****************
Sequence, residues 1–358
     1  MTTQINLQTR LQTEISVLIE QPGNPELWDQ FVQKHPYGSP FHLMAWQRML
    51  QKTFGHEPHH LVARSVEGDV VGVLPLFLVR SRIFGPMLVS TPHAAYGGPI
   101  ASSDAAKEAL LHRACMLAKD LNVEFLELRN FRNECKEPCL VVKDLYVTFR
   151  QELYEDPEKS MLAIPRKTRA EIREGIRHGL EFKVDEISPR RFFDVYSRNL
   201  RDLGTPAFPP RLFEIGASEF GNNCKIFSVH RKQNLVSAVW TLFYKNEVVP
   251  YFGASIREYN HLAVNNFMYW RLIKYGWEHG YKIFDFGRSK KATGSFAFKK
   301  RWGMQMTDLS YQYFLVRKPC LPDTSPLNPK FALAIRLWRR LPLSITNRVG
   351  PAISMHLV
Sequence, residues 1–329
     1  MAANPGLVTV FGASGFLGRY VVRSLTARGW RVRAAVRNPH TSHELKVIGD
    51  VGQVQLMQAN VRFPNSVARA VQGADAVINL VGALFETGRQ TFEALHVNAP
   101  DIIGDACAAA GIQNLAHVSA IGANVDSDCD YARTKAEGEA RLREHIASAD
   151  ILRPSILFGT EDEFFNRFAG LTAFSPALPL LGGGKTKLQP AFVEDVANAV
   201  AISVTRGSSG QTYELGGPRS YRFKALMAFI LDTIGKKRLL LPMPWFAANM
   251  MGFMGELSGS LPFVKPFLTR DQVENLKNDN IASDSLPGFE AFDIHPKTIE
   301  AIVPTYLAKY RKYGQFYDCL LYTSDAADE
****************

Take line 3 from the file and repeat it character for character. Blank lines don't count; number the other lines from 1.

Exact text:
    51  QKTFGHEPHH LVARSVEGDV VGVLPLFLVR SRIFGPMLVS TPHAAYGGPI